The site of so much gay history in Boston is pretty boring from the outside, just a squat gray building that stretches a whole block on Boylston near Fenway Park. Right now, the bars and storefronts that fill this building are empty as they await the wrecking ball that will usher in a future luxury apartment building. But until just before quarantine — when Machine Nightclub and bar Ramrod officially closed — past the front door and the blacked-out windows at 1254 Boylston St., inside was magic.
Ramrod, the leather and Levis gay bar, moved into the first floor in 1981 with Machine carving out a separate gay nightclub downstairs in 1998. Both spots had that kind of slightly dingy, lived-in feel of a well-loved gay hangout, the cigarette smell that seemed to hang in the air long after Boston banned smoking indoors, the dim corners here and there for making out. It was a sex-positive spot in a (still) puritanical city, with loud music and stiff drinks. Downstairs, drag queens twirled on stage in front of crowds that swayed under the disco lights.
The gay scene in Boston is still dominated by white guys, but at least for many, Machine was a hub for a more diverse crowd. More people of color, more women. The spot hosted Dyke Nights and at least one gay wedding reception. The drag and theatrical shows there were queer — as in LGBTQ-friendly and queer as in, well, weird. Like the beautifully bonkers and often political All-Star Mondays and the satirical shows staged by Ryan Landry’s vaudeville-inspired theater troupe the Gold Dust Orphans.
Before you could catch her in 2019 as part of season three of the reality TV show “The Boulet Brothers’ Dragula,” one of Violencia Exclamation Point’s more memorable moments came when she started hosting All-Star Mondays’ late drag show. “The theme was raw meat and I had everyone throwing ham at me and like spitting up milk in pig costumes,” she says. Drag artist Neon Calypso, who you can catch on the Quibi docuseries “Nightgowns,” won the Next Drag All-Star competition there in 2016. “That was my moment of like, ‘wow, I fit in here. This is a home space for me where I'm able to express really political and important topics and everybody is receptive,’” she says.
From 2006 until the very end, you could catch Donald Smith slinging drinks, always happy to chat anyone up. “Oh, it was like a homecoming,” he says of walking through the doors. “I felt like a homecoming queen. Machine was the welcoming committee. It taught people a lot about life. We made you feel much better about yourself so you could lift yourself up out of whatever you were going through and then move on. We're gonna miss that.”
Ask around about Machine and Ramrod and you’ll hear people mentioning “home” a lot, which is maybe why its ending feels so raw for so many. The community knew the building’s days were numbered since late 2018 when word broke that British developer Scape secured the site for their first private dorm in Boston. Miranda Wrights, who worked on and off at Machine for 18 years, noted that the staff felt things were off for a while, which seemed to stem from a lack of interest from the top. “Why is the floor falling apart and moldy? Why is the bathroom overflowing all the time?” she says she asked before quarantine. “Because they weren't going to put any more money into it because they knew it was closing but they weren't letting other people know.”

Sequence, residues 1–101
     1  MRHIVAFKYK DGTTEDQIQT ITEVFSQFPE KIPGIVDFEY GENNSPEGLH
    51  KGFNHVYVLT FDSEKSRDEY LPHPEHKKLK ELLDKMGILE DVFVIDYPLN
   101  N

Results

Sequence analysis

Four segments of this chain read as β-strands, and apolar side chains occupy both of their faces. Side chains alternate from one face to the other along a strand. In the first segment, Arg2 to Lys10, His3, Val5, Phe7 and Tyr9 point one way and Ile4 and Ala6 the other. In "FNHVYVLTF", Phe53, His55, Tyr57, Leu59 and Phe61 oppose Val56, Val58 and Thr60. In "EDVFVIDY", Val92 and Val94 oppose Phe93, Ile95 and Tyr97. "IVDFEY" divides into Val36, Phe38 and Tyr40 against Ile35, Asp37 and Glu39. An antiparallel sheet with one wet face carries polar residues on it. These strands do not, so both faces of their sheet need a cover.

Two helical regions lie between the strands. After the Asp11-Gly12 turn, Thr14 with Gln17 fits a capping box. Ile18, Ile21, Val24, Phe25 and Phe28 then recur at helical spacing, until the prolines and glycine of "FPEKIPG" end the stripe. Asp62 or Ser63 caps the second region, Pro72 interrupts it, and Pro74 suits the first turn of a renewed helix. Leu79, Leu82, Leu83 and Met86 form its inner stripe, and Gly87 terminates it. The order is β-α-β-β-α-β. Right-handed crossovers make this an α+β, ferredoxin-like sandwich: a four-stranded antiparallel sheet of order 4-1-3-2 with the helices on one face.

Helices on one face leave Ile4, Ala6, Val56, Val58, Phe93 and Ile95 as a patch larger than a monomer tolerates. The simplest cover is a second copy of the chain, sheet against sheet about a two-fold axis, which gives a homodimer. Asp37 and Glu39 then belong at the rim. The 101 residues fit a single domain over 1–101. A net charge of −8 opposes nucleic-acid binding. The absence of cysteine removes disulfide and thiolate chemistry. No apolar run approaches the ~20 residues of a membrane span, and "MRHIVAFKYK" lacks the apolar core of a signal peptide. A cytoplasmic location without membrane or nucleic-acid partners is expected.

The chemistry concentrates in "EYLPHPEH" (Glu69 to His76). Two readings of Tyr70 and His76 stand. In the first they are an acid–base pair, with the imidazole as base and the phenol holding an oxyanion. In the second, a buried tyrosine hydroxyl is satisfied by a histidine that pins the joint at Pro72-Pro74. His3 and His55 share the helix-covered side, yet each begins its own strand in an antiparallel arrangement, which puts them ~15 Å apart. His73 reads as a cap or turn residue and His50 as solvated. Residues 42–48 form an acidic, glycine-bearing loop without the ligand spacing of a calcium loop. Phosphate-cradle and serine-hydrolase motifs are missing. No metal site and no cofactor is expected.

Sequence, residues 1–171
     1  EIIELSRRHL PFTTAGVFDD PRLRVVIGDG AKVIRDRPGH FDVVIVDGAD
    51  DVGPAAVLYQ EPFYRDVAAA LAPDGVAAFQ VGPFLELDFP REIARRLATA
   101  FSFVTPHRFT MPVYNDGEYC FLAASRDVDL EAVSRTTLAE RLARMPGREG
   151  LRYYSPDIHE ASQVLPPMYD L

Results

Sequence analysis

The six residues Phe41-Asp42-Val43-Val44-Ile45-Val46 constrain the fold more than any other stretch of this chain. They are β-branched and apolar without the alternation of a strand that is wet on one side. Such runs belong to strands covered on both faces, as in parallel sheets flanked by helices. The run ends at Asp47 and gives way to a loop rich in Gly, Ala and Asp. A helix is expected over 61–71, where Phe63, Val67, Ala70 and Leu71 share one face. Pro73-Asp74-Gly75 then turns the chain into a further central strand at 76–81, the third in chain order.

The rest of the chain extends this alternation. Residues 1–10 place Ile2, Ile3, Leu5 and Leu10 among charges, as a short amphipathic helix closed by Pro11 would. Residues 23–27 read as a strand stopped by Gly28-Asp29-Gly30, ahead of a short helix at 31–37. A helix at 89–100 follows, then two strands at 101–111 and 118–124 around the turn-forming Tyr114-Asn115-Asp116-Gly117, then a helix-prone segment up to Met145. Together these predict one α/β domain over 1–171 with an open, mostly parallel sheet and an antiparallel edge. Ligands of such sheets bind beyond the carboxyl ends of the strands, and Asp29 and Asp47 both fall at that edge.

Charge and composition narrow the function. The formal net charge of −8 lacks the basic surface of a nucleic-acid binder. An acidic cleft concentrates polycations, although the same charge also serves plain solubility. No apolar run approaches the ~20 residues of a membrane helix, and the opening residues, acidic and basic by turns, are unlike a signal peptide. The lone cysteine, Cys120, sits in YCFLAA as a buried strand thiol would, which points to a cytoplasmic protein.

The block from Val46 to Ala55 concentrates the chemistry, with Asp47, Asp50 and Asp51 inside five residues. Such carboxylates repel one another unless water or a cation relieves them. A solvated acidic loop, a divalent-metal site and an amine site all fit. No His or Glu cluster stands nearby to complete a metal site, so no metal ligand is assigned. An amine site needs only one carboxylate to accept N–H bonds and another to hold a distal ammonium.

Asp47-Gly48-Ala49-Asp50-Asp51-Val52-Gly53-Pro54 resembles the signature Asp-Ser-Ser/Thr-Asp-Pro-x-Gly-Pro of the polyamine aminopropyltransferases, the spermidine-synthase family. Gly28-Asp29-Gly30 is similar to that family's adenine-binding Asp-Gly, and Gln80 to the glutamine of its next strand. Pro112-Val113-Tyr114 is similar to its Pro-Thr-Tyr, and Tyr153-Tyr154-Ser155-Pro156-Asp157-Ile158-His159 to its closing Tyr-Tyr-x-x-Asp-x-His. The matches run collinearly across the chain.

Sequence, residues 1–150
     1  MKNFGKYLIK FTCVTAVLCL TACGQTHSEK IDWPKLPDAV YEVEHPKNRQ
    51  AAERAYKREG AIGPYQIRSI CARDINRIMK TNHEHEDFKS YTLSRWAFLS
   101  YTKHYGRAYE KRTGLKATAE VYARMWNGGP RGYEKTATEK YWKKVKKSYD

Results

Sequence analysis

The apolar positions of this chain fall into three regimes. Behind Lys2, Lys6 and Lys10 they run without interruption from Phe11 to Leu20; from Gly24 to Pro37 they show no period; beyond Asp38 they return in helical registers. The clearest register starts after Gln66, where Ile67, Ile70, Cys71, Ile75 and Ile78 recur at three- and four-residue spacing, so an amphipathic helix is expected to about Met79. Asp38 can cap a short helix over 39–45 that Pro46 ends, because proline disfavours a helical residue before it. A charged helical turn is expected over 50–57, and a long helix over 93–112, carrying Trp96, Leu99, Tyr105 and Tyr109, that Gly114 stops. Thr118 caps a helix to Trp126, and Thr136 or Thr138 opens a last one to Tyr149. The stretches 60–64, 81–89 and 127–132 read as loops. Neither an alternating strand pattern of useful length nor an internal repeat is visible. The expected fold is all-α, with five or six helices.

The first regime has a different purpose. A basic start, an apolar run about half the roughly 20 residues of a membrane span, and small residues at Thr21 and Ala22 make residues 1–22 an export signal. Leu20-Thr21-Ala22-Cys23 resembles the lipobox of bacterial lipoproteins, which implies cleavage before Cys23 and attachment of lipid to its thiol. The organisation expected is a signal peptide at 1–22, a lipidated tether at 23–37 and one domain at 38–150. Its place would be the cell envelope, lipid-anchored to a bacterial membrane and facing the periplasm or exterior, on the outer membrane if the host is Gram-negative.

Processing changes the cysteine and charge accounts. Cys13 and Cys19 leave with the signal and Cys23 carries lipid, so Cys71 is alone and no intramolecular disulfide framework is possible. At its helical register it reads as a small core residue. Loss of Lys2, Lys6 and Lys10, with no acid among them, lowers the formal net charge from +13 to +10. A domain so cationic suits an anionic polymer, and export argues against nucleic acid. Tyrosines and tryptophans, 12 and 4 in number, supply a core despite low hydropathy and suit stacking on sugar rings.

But capitalism is capitalism. The owners of Machine and Ramrod — who didn’t want to comment for this story — own a business, not a home, and nightlife places aren’t a cash cow. Doors officially closed on March 14, just days before Gov. Charlie Baker’s shutdown order, though few people even knew it was the last night. Patrons and employees alike held out hope for a goodbye bash sometime after quarantine. But then — like the lights flicking on at last call — in late July, the clubs’ manager Sean Caron posted on Facebook that construction permits for Scape’s new building had been approved. Construction is slated to start sometime this fall and Machine and Ramrod will never open their doors again.
"Machine was the welcoming committee. It taught people a lot about life."Donald Smith
There won’t be any big sendoff for the last gay bar and nightclub in the historic gayborhood and it’s just one chapter in a story about people on the outskirts of a changing city. “In the mid-1960s, Fenway was kind of an in-between neighborhood. It wasn't downtown, and it wasn't Brookline,” says Mark Krone, a board member of The History Project — a Boston-based LGBTQ history nonprofit. “The number one thing about the Fenway was that it just wasn't very well off.”